Wednesday, December 6, 2017

President Howard W. Hunter on giving to others in service

President Howard W. Hunter (1907-1995) was called to the Quorum of Twelve in 1959.  He served as Church President from June 5, 1994 to his death on March 3, 1995.
"If I were giving an assignment to the young people, it would be to give something to someone tomorrow—to make a gift. I don't mean a gift that we would go to the store to buy and have wrapped in colorful paper and ribbon, I am thinking of the gift we make when we give of ourselves—the greatest gift of all.
"If today's spirituality has meant anything to you, find someone tomorrow and do something for that person. It may be someone at home or it may be a friend. It's an interesting experience to find someone who has wronged us or who has been anything but friendly, and see the change that comes about when you give him a gift.
"The Lord said it is more blessed to give than to receive. We understand that principle. As little children we looked for the thing we were going to receive at Christmas time, but then came the time in our lives when we found more pleasure in giving to someone else. That was when maturity came into our lives and we stepped aside from being self-centered and found it was more blessed to do things for others as the Lord had indicated."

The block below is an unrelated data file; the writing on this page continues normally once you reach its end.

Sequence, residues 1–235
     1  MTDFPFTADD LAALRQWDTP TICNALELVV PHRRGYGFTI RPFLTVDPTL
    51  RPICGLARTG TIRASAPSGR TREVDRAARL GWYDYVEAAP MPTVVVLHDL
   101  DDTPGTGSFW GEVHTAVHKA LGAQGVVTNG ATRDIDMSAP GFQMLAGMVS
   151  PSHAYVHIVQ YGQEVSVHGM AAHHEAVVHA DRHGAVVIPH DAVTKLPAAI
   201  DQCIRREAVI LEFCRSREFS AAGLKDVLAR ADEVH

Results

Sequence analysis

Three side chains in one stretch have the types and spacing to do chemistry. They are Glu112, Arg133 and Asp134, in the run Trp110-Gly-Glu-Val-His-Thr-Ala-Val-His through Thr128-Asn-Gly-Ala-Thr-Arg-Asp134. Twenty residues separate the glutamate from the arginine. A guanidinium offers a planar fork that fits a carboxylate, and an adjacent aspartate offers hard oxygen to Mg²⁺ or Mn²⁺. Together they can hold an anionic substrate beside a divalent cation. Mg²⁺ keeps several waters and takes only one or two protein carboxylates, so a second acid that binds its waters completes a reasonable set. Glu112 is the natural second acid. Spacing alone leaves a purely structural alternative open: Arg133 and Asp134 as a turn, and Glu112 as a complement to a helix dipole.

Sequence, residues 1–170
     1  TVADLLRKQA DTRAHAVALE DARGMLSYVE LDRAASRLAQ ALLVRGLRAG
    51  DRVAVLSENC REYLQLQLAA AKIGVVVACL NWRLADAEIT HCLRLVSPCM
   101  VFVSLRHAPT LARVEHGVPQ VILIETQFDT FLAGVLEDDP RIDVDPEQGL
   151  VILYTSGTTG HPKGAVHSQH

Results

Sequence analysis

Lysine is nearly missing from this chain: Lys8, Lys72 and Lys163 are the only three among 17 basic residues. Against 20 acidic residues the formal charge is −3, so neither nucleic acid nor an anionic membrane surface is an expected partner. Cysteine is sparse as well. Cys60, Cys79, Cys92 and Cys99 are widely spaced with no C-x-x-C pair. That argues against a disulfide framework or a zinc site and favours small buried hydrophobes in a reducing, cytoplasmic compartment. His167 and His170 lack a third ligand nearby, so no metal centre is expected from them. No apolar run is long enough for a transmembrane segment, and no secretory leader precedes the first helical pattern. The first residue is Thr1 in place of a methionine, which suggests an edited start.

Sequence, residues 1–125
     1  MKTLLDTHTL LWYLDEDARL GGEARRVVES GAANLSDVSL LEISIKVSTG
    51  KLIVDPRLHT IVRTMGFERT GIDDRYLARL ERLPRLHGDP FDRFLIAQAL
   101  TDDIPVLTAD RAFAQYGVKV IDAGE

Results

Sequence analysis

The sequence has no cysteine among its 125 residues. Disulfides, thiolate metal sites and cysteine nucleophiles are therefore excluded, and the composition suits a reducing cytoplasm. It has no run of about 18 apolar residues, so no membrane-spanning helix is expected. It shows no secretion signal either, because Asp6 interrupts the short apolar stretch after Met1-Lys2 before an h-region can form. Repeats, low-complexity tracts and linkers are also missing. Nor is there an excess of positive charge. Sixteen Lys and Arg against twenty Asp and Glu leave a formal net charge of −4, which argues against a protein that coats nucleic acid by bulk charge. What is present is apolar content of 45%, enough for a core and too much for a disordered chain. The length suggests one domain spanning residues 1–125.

- Howard W. Hunter, "Spiritual Strength of Youth," Australia Area Conference, Sydney, Australia, 2 December 1979; see THWH 71

One of the most frequent reminders we have at Christmastime is the teaching of the Savior as reported by Paul, "It is more blessed to give than to receive" (see Acts 20:35). As President Hunter notes, while we may not understand that principle as children, we do come to appreciate it as we mature; experiences of true giving bring such joy and peace, that we quickly understand the Savior's message.  And the additional qualifier is that the greatest gift is to give of the self.

The challenge of giving to someone who may not "deserve" it (in our eyes) is a particularly Christian one. When we learn to overcome the judgments and prejudices that hold us back in our true service and love, we will more nearly approach the level of discipleship that He invites us to follow.

(Compilation and commentary by David Kenison, Orem, Utah, 2017)

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